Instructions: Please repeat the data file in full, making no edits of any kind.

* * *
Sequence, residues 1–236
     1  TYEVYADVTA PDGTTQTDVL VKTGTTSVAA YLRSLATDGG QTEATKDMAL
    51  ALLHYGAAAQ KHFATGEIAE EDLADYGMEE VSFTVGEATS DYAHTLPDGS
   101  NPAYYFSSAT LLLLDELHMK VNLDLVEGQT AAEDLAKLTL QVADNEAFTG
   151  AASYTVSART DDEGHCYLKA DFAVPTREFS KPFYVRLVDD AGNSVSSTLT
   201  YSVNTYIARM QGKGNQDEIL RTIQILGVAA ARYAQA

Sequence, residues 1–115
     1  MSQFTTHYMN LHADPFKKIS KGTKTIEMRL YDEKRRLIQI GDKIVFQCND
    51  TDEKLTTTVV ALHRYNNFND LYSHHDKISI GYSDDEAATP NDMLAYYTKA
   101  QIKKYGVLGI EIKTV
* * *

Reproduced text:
Sequence, residues 1–236
     1  TYEVYADVTA PDGTTQTDVL VKTGTTSVAA YLRSLATDGG QTEATKDMAL
    51  ALLHYGAAAQ KHFATGEIAE EDLADYGMEE VSFTVGEATS DYAHTLPDGS
   101  NPAYYFSSAT LLLLDELHMK VNLDLVEGQT AAEDLAKLTL QVADNEAFTG
   151  AASYTVSART DDEGHCYLKA DFAVPTREFS KPFYVRLVDD AGNSVSSTLT
   201  YSVNTYIARM QGKGNQDEIL RTIQILGVAA ARYAQA

Sequence, residues 1–115
     1  MSQFTTHYMN LHADPFKKIS KGTKTIEMRL YDEKRRLIQI GDKIVFQCND
    51  TDEKLTTTVV ALHRYNNFND LYSHHDKISI GYSDDEAATP NDMLAYYTKA
   101  QIKKYGVLGI EIKTV